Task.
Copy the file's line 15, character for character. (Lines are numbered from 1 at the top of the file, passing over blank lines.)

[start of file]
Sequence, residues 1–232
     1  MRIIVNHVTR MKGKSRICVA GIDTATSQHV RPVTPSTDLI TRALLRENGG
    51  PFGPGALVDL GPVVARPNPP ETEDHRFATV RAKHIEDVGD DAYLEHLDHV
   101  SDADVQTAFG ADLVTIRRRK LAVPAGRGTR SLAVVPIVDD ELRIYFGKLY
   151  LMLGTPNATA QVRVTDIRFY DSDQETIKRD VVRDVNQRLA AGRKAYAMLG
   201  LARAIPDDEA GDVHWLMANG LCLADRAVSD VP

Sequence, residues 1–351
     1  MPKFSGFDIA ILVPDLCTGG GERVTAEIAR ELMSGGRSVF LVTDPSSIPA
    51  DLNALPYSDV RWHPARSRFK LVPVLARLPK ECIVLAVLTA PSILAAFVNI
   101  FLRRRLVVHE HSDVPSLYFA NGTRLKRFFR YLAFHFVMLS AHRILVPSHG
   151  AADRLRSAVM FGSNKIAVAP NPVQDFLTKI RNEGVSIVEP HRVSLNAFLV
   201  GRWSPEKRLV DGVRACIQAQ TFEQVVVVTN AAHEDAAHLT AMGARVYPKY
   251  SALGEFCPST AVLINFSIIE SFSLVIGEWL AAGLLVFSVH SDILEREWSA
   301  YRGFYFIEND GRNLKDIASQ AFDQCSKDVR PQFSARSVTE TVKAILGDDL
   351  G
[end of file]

   351  G